The monarch butterfly population has declined considerably over the last several decades. Reasons for the decline are attributed to reduced breeding habitat, extreme weather and other climatic factors in overwintering habitat, pesticides, and deforestation in Mexico. The U.S. Fish and Wildlife Service (USFWS) is currently in the process of evaluating whether to list the monarch as an endangered species under the Endangered Species Act (ESA) and is required to decide by December 15, 2020. Originally the listing deadline was June 2019, but the date was extended to allow USFWS more time to prepare its Species Status Assessment, as well as collect additional data regarding conservation actions.

In the meantime, there have been efforts by numerous groups to develop approaches to help the monarch and prevent a listing. For example, monarchs were added to the Working Lands for Wildlife (WLWF) program, a partnership effort between the U.S. Department of Agriculture (USDA) Natural Resources Conservation Service (NRCS). Through the WLFW farmers and ranchers can voluntarily work with NRCS on implementing various conservation practices on their working lands and receive regulatory predictability through the FWS for endangered species under the ESA. Or in the case of the monarch, ESA predictability should the monarch be listed. Currently, the monarch WLWF only covers states in the Midwest and southern Great Plains, but the program could be expanded to other areas of the U.S. where the monarch is found.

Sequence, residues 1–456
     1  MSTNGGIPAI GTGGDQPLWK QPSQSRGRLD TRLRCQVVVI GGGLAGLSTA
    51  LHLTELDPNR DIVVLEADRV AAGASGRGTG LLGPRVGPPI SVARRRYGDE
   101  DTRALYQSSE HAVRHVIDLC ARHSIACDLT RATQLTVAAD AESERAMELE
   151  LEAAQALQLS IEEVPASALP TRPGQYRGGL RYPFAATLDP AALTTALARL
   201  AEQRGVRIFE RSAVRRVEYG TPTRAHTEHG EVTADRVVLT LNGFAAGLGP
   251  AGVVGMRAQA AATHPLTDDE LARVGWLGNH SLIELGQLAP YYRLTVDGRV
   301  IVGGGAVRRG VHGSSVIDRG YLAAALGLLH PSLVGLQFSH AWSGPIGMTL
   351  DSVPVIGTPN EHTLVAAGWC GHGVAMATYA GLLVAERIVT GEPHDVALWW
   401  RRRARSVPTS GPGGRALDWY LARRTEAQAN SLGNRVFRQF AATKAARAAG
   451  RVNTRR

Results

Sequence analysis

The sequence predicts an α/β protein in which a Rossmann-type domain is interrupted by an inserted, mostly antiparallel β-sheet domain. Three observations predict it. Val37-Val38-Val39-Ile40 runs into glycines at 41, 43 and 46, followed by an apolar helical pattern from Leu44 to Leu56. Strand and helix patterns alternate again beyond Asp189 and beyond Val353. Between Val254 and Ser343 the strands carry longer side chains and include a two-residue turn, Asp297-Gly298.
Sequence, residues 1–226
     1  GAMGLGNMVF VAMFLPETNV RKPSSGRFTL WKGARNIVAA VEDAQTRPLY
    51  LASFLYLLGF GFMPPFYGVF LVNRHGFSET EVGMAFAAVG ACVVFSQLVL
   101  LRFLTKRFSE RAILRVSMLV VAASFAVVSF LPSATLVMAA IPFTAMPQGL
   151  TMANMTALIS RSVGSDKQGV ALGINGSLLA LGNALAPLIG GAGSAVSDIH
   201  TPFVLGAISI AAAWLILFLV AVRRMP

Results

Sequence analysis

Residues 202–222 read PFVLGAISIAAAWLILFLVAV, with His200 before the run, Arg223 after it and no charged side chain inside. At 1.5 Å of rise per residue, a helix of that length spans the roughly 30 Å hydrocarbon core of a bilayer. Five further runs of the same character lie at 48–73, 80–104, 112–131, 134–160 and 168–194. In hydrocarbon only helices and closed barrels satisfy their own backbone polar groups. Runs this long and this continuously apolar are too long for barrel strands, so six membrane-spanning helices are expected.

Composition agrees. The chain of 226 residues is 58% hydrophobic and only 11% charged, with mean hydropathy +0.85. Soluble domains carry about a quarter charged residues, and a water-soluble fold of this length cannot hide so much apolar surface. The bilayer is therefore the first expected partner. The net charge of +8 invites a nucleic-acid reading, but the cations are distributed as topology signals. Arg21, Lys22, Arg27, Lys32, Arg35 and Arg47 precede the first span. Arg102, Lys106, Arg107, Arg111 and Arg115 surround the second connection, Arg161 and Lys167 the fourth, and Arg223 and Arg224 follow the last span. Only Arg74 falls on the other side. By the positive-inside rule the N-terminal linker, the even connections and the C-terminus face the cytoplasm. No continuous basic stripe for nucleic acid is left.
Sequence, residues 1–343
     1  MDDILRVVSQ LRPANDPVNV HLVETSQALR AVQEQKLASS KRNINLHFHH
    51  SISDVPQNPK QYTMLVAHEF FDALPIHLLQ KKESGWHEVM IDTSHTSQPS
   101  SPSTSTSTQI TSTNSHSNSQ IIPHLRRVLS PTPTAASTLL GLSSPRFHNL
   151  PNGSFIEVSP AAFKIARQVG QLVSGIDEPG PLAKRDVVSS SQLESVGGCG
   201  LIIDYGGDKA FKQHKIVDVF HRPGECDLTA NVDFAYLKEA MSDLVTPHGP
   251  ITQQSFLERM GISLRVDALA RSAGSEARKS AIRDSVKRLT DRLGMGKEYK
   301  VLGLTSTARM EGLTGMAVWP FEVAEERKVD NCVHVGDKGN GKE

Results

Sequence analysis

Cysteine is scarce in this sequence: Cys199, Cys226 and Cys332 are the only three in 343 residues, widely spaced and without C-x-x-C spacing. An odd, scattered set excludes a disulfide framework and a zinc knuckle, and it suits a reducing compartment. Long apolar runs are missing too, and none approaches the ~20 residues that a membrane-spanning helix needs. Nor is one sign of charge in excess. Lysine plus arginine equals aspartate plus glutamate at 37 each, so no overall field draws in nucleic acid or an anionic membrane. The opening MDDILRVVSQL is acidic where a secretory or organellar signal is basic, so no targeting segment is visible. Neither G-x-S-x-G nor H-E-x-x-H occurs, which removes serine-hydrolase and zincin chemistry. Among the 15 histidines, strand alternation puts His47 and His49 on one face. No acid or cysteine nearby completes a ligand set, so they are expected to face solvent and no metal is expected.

Another monarch conservation effort recently approved is a nationwide Candidate Conservation Agreement with Assurances (CCAA) where more than 45 companies in the energy and transportation sectors will commit to conservation actions on utility and energy lands in the lower 48 states where monarch butterflies are found.  The CCAA is also a voluntary agreement that provides participating partners regulatory assurances from USFWS should the monarch be listed.

In working through its approval of the CCAA the USFSW considered the needs of farmers and ranchers, given that much of the utility and energy infrastructure in the U.S. occurs on top of, underneath, or adjacent to farm and ranch lands. There is a recognition that farmers and ranchers will be key to the success of the agreement. Additional information and materials will be forthcoming to help farmers and ranchers understand the new CCAA, including how it will be implemented and its impacts for landowners adjacent to lands enrolled in the new CCAA.

Closer to home, the Arizona Farm Bureau is part of the Arizona Monarch Collaborative, which is made up of representatives of organizations and state and federal agencies. The group was formed to help bring attention to the monarch in Arizona and the various ways individuals, municipalities, and industries can help enhance and protect monarch habitat. More information regarding best management practices that can help protect monarchs (and pollinators) can be found at

Why should we care in Arizona? Maps of monarch migration reveal monarchs from both the western and midwestern populations travel through Arizona as they move to and from Mexico. Regardless of whether the monarch is listed or not, Arizonans can take steps now with conservation efforts.